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Three Ballets by Kenneth MacMillan: Elite Syncopations/The Judas Tree/Concerto: Blu-ray Review


  • Aspect Ratio: 1.77:1
  • Video Codec: AVC/MPEG-4
  • Resolution: 1080i/60
  • Audio Codec: PCM 2.0 (48kHz/24-bit) DTS-HD Master Audio (96kHz/24-bit)
  • Subtitles: English, French, German, Italian, Spanish
  • Region: ABC (Region-Free)
  • Rating: Not Rated
  • Discs: 1
  • Studio: BBC/Opus Arte
  • Blu-ray Release Date: November 16, 2010
  • List Price: $45.98

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Three Ballets by Kenneth MacMillan: Elite Syncopations/The Judas Tree/Concerto -

Purchase Three Ballets by Kenneth MacMillan: Concerto/Elite Syncopations/The Judas Tree on Blu-ray at CD Universe

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Overall
[Rating:4.5/5]
The Performance
[Rating:4.5/5]
Video Quality
[Rating:4.5/5]
Audio Quality
[Rating:4/5]
Supplemental Materials
[Rating:3/5]

Click thumbnails for high-resolution 1920X1080p screen captures

(Screen captures are lightly compressed with lossy JPEG  thus are meant as a general representation of the content and do not fully reveal the capabilities of the Blu-ray format)

The Performance

[Rating:4.5/5]

Kenneth MacMillan choreographed Three Ballets: Elite Syncopations, The Judas Tree, Concerto between 1966 and 1992, the year of his untimely death.  Macmillan directed the Royal Ballet for a decade and stepped down to become its principal choreographer. Besides the three ballets on this disc, he is well known for his adaptation of Prokofiev’s Romeo and Juliet, performed by dance  legends, Rudolf Nureyev and Dame Margot Fonteyn, a video that I have watched for many years on videotape. These three ballets were recorded in performance, March 2010 at the Royal Opera House, Convent Garden, and feature the RB’s principal corps de ballet. They present significant contrasts in music and dance styles, from rag-time (Elite Syncopations), classical piano concerto (Concerto), to edgy modernism (The Judas Tree).

Concerto (1966), the earliest ballet, is also the most traditionally choreographed in three movements corresponding to those of the Shostakovich piano concerto. It is an abstract  recital with no story line-just elegant and disarmingly simple  dance routines. The first and second are elegant pas de deux, the third an ensemble piece.

Elite Syncopations (1974) is a set of short dance routines based on the music of Scott Joplin and his rag-time contemporaries. The dancers in fanciful fin du siècle costumes alternate ensemble pieces with those featuring the principals.   Highlights include Sarah Lamb and Valery Hristov in  “Bethena,” and Steven McRae’s “Friday Night.” The light-heartedness of this program is ever present and  it is obvious that a good time was had by all.

The Judas Tree (1992) is a raw, tense piece with violent undertones set to a stark contemporary score.  The gritty construction scene is populated by male dancers until a single ballerina enters the scene. The some-times violent action depicted is not for the faint of heart. This ballet projects a dark fascination that will keep you on the edge of your seat.

Video Quality

[Rating:4.5/5]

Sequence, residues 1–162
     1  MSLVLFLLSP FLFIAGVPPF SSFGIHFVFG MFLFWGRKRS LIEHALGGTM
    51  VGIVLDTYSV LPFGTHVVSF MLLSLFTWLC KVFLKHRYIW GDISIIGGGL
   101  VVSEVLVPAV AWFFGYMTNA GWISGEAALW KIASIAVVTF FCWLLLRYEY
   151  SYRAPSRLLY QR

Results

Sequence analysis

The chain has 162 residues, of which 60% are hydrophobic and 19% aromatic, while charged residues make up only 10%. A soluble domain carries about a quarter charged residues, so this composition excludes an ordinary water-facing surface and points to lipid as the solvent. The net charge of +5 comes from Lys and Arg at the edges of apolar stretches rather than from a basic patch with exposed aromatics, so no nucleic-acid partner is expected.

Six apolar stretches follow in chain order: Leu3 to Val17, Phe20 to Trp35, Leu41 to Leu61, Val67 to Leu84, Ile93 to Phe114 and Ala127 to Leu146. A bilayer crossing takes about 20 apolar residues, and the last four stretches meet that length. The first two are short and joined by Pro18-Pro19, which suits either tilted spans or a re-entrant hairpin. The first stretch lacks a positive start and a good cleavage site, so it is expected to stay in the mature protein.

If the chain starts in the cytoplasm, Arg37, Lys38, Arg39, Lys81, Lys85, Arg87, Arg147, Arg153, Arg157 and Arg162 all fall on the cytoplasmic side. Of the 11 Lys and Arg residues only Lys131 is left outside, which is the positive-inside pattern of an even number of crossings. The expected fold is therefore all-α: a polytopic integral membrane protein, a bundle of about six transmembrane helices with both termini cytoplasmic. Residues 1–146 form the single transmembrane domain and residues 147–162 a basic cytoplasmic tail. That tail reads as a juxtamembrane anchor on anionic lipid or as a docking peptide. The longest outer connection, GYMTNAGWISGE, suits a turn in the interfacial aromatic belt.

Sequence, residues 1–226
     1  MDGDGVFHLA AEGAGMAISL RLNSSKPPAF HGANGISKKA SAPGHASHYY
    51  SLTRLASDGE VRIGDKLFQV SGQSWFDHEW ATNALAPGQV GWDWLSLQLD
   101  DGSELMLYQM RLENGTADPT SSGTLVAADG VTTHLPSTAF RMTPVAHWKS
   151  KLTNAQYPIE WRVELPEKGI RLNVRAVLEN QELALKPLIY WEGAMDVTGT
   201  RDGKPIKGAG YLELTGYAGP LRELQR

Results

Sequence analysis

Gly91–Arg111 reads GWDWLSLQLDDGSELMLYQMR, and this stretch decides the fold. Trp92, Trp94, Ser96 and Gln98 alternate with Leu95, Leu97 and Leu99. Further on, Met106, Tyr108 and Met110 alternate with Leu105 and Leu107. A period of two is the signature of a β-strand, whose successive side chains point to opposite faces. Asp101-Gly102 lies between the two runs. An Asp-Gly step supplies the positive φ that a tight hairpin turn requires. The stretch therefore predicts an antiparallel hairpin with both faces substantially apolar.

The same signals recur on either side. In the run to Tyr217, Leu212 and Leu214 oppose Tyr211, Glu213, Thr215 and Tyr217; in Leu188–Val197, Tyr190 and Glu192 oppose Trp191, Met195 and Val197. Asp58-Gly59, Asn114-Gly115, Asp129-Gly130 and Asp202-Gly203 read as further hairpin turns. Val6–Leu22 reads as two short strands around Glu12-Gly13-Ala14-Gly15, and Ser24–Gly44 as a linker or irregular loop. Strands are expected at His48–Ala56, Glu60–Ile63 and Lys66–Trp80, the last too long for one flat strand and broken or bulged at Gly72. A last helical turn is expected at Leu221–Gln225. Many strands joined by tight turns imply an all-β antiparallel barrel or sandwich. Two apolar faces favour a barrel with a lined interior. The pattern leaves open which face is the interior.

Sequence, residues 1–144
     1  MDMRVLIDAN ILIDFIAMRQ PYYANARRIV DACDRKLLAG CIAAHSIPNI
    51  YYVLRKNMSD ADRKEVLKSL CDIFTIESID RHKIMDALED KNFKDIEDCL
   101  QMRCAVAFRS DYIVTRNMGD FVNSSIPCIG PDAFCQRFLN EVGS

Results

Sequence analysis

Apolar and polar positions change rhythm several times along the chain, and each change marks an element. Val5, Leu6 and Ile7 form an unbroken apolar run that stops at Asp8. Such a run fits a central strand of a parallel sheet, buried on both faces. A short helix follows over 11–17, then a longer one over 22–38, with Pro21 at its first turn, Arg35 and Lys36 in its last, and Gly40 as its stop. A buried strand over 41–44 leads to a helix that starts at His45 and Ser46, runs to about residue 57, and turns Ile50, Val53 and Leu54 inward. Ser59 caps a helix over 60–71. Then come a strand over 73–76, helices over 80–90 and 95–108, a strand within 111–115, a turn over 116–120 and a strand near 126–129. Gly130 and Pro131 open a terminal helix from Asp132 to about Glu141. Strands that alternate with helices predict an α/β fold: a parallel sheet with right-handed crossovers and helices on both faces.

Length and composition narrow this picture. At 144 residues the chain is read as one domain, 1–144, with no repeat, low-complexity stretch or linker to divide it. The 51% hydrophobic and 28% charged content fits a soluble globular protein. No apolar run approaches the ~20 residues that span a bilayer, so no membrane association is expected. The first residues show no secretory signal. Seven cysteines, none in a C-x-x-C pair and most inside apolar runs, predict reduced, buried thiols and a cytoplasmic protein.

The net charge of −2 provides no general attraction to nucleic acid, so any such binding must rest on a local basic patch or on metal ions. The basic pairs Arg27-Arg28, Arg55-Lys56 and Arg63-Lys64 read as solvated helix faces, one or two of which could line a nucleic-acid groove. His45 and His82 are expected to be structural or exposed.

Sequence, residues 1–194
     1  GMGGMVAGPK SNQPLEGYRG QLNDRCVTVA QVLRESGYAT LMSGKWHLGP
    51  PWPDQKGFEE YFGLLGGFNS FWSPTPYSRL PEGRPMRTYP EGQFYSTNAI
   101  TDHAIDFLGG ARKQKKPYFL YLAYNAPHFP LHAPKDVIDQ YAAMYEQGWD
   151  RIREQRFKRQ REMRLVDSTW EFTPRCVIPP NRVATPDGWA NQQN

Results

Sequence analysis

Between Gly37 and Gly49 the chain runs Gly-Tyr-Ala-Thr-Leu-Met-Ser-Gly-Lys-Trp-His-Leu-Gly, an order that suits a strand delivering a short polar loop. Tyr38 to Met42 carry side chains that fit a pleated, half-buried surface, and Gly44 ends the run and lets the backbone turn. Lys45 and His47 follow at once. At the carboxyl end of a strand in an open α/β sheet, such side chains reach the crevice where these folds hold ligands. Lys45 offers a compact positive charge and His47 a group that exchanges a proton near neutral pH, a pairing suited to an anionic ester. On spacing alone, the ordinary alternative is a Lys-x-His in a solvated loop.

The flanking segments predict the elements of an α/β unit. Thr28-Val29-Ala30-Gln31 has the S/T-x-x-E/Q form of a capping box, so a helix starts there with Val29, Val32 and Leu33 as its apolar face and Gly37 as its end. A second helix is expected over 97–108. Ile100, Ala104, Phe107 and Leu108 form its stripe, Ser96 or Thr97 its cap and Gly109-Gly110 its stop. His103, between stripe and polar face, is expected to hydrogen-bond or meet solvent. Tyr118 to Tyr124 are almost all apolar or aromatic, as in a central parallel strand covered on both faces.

The videography ranges from excellent (Elite Syncopations) to stunning (Concerto). Ballet, even in its slower dances, is constantly in motion, challenging the cameramen to maintain proper focus.  Fortunately, they are consistently aimed right where you want it — on the dancers.  Unlike other lively art forms, ballet dancers are not only graceful human beings, but beautiful to behold.  The camera work treats these performers extremely well as the screen captures attest.

Audio Quality

[Rating:4/5]

The soundtrack in DTS-HD-Master Audio is variable.  There is a stage band in Elite Syncopations which sounds a little distant;  the pit orchestra in the other two selections is well recorded.  As a warning note, the stage microphones do pick up a good bit of noise generated by the dancers’ footwork, something that you might not notice in the theater.  The surround channels convey a good bit of hall ambience, successfully conveying a you-are-there perspective.

Supplemental Materials

[Rating:3/5]

In a somewhat unusual move, the three episodes’ informative materials are introductions to the actual performances. They feature interviews with some of the dancers, Monica Mason the RB’s director  and MacMillan’s widow but all are quite brief and do little to illuminate  the  otherwise excellent productions.

The Definitive Word

Overall:

[Rating:4.5/5]

This is the first Blu-ray offering of these three MacMillan ballets presented by one of the world’s premier corps du ballet. High definition camera work confers significant benefits  to ballet performances.   You will marvel as these stunning dancers handle some truly challenging choreography without missing a step. While the ballets can be watched in any order, I would recommend viewing them chronologically to see the progression of MacMillan’s choreography over 25 years. Balletomanes of all ages will enjoy this BBC/Opus Arte program, although I would exercise some parental guidance for The Judas Tree. All in all, this is how ballet videos should be made.

Additional Screen Captures:

[amazon-product]B0041UG69Y[/amazon-product]

BestBuy.com:
Three Ballets by Kenneth MacMillan: Elite Syncopations/The Judas Tree/Concerto -

Purchase Three Ballets by Kenneth MacMillan: Concerto/Elite Syncopations/The Judas Tree on Blu-ray at CD Universe

Shop for more Blu-ray titles at Amazon.com

Overall
[Rating:4.5/5]
The Performance
[Rating:4.5/5]
Video Quality
[Rating:4.5/5]
Audio Quality
[Rating:4/5]
Supplemental Materials
[Rating:3/5]

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